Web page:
Small Community Works (sidewalks, pedestrian bridges, etc.)






Forestation/Reforestation

Fewer than 100 hectares

More than 100 hectare
s










Protected Areas/Parks

No infrastructure construction

Construction of new infrastructure

















12


G
eneric Screening Checklist (cont.)


Recommended Environmental

Assessment Approach
a

Community Project Type

None

ER

LEA

EIA

Flood P
rotection Barriers

Only rehabilitation of existing barriers

Construction of new barriers










Rural Business Infrastructure (TBD during project implementation)









Institutional Strengthening and Community Development





a.
ER = Environmental R
eview. LEA = Limited Environmental Assessment. EIA = Environmental Assessment Report.

The suggested EA instruments are only recommendations; special circumstances in a given Community Project may impose
use of a stricter instrument, but it probably would n
ever be appropriate to “downgrade” the recommended EA instrument or
approach.



13

Annex 2: Environmental Review (ER) Checklist




Example of a Generic Environmental Review (ER) Checklist


Type of Expected Impact


Description of Impact

Proposed

Mitigation M
easure

PHYSICAL ENVIRONMENT

Increased soil erosion


During the implementation of
a
ny
project,

fertile layer of
soil
is
damage
d

and
affected by
wind and water erosions.

Mitigation measures to
minimize the impacts of wind
and water erosions
:



Collect, s
to
re and cover the
excavated
top layer of soil
aside



Minimize the traffic of
heavy machinery



Control dust with water
during the p
roject
implementation

(spray
water)
;



Restore the infrastructure of
the same or adjoining area
,
refill the extracted humus
layer o
f soil, re
-
vegetate the
area and improve aesthetic
view
after the project
completion


Increased sediment load into
receiving waters


Overall
, sediment

load
s
and
acids of other heavy metals
can be
above
sanitation norms
in water from artesian wells
and

any

other
water projects,
which can
have negative
impacts on human health.

All potable waters despite the
type of water projects has to
be:



Stored



Let sediments settle down



Kept under direct sunshine
for
a couple of

hours

Likely contamination of
surface or

subsurface waters


S
urface and subsurface waters
are
contaminated
with toxic
paint and plastic cans, dust in
air and
has negative impact on
human health

during the
project
implementation.

Wastes have to
be:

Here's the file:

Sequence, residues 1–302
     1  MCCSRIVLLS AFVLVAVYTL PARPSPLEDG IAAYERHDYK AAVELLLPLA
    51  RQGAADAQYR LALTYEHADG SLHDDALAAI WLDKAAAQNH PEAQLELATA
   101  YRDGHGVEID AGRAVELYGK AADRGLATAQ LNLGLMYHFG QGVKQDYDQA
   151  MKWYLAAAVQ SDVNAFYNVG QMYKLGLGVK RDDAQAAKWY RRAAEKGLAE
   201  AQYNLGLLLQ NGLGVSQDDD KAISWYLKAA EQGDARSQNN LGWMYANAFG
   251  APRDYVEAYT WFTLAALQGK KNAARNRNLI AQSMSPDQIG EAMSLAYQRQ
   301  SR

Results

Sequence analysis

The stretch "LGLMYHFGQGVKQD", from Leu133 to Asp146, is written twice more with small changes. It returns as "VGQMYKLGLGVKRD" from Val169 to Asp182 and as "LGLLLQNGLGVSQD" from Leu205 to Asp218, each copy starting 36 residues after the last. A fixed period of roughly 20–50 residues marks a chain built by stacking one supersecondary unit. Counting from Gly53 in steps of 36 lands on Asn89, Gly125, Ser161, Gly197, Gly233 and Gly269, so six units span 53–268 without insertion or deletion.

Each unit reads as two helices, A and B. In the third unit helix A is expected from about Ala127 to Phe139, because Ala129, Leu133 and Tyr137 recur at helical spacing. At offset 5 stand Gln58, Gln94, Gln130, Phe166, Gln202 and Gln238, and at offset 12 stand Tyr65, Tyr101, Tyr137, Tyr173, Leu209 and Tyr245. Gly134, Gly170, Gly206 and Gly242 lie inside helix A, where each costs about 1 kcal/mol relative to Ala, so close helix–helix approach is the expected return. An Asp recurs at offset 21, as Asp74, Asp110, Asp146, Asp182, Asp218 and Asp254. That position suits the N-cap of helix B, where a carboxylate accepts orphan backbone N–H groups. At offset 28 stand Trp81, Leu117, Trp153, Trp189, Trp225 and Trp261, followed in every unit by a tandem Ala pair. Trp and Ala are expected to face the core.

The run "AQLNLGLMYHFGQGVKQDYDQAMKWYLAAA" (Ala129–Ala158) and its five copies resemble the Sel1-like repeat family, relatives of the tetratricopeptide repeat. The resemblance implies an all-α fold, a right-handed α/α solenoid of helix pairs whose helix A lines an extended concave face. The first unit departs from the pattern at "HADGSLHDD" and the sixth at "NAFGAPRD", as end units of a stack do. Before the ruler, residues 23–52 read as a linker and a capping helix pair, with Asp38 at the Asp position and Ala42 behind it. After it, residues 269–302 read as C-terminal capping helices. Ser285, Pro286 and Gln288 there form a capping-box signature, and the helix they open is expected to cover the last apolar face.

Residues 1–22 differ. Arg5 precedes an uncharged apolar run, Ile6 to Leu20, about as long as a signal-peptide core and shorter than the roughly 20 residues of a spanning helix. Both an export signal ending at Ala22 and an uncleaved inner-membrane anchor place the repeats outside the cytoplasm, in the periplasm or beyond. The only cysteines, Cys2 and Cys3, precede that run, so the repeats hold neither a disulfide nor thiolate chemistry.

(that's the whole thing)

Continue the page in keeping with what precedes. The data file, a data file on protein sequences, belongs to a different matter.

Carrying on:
packed separately despite
their type
and
toxi
city



disposed in appropriate
sites, treated and buried
properly



surrounding
areas
to be
vegetated and wastes to be
cleaned


Excessive dust or noise during
construction

Air is polluted with dust and
various toxic gas, as well as


Minimize the traffic of
heavy machinery



14

Example of a Generic Environmental Review (ER) Checklist


Type of Expected Impact


Description of Impact

Proposed

Mitigation M
easure


noise has negative impact

on
human health and existing
biodiversity during the
construction projects.



Control dust with water

to
minimize dust
;



Restrict
work
ing times of
heavy machines

(work
from
9
.00 am up to 17.00
pm)

and r
e
-
vegetate th
e
project area
to minimize
noise

disturbances


BIOLOGICAL ENVIRONMENT

Removal or disturbance of
natural vegetation


Natural vegetation
is

removed
or

disturbed during the project
implementation
.

It

can result
in decreased oxygen in air and
can
have negat
ive impact not
only for people, but also
for
the whole habitat
.



Choose appropriate site for
project to minimize the
removal or disturbance of
natural vegetation



Minimize the use of heavy
machinery



Clean the project site,
vegetate area and improve
the aest
hetic view and
infrastructure of the area
after completion

Community Project in core or
buffer area of a protected area

disturbs the nature



Natural vegetation and habitat
is removed when community
projects are i
mplement
ed
in
core or buffer area of a
pro
tected area

(wildlife
refuges, reserves). These areas
may be excluded from the list
of protected areas; some
species of plants and animals
included in the Red Book
may

be
removed

1.

Even though it is allowed
by Government,
implementation of any
project in pro
tected areas
should be avoided for the
sake of future generations
and nature.

2.

Even though there is a
State order regarding
implementation of projects
in protected areas, only
artesian well projects can
be implemented in
protected areas, because
such proje
cts

cause little
disturbance in nature



Disruption or disturbance of
animals or any locally
important animal habitat


A
nimal habitat is
a little
disrupted

or disturbed

i
n the
project area



Prior to project start, to
conduct visual inspection
and dete
rmine
available
animal habitat in the area



If road, bridge or water canal
projects are to be
implemented,
to protect
existing tracks of animal



15

Example of a Generic Environmental Review (ER) Checklist


Type of Expected Impact


Description of Impact

Proposed

Mitigation M
easure

habitat
s and
make relevant
passages
for them

SOCIAL ENVIRONMENT

Aesthetic degradation of a
landscape

During th
e project
implementation, e
xisting
aesthetic view of the area is